Capeesh or “Capisce” is the American pseudo-Italian slang for “understand?”.
It is used – often in a threatening manner – at the end of the sentence as an interjection to ask “know what I mean?”.
It is sometimes used without the question mark as an affirmative, meaning “I understand” and makes it an American colloquialism, as in Italian the correct form would be “capisco”.
This informal term originates from the Italian “capisci”, the second person singular present tense form of the verb ‘capire’ which means ‘understand’.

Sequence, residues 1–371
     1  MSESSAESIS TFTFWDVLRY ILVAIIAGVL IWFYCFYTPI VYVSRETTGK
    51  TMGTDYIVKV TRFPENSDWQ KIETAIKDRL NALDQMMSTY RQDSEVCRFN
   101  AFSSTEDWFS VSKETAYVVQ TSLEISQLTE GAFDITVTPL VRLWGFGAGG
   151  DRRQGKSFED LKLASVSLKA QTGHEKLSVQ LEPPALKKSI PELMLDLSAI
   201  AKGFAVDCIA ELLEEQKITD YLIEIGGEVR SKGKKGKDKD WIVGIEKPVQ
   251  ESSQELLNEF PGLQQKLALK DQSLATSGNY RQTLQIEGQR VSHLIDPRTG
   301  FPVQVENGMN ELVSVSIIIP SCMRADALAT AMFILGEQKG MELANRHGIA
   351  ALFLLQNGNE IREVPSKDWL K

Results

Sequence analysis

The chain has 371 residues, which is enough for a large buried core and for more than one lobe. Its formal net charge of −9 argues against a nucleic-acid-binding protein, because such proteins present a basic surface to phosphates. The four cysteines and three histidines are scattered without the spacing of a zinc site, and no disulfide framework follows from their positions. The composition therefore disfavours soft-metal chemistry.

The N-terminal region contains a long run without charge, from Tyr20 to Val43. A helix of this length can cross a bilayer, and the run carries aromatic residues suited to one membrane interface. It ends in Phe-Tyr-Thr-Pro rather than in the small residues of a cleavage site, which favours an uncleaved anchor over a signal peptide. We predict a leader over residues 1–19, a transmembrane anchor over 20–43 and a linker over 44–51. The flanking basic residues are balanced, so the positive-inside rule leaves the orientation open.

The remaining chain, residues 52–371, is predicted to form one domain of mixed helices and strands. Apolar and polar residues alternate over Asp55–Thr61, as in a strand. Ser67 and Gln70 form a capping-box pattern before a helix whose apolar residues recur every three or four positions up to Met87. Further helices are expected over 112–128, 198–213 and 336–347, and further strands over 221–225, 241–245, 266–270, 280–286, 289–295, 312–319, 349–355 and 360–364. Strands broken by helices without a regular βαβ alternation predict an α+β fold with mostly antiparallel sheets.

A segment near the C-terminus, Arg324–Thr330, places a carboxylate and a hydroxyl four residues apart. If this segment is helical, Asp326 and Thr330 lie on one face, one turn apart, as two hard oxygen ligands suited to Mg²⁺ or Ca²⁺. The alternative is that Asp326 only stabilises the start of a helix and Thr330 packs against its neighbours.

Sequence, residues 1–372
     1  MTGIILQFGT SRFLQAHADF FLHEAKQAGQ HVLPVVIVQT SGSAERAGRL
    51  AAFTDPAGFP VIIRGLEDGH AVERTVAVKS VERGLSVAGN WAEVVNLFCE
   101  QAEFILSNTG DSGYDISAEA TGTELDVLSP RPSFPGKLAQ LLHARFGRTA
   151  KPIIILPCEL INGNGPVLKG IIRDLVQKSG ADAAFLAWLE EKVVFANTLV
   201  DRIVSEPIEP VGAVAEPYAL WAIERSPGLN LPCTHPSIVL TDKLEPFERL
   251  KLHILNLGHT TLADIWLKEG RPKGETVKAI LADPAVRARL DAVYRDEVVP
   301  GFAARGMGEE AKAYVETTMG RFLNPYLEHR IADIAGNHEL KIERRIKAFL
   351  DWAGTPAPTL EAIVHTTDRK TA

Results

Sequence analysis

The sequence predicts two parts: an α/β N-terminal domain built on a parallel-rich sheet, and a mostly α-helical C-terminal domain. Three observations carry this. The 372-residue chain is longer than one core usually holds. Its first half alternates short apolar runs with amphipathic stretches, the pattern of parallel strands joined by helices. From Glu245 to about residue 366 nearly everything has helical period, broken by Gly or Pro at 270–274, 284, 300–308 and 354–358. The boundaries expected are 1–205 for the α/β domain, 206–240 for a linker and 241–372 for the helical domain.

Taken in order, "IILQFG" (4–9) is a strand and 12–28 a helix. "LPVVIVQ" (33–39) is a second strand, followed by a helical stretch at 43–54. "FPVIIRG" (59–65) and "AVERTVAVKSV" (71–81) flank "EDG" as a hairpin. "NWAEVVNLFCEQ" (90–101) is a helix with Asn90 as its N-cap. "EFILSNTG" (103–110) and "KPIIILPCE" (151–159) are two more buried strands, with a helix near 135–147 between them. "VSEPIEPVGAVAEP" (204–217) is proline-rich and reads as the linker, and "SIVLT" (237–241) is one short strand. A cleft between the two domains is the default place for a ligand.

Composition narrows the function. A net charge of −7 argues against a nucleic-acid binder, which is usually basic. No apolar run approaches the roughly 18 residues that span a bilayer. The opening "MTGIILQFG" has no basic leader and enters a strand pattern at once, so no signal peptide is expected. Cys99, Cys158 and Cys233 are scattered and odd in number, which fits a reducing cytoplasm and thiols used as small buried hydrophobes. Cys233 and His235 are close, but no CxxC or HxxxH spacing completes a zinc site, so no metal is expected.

Many different variations have appeared in print such as “capeesh”, “ kapeesh” , “capish” or “capisce”.
It likely gained popularity during the 1940s thanks to the depiction of Italian Americans in Mafia films.
The use of the term gained wider popularity as the number of television owners increased.
The interjection sprung up when it appeared in a funny scene in The Simpsons in 1995:
Brodka: Hey, kid: one more thing. If you ever set foot in this store again, you’ll be spending Christmas in juvenile hall. Capisce? Well, do you understand?
Bart: Everything except “capisce. ”
Nowadays it can be seen on many social media platforms often used in a humorous way instead of a threatening manner.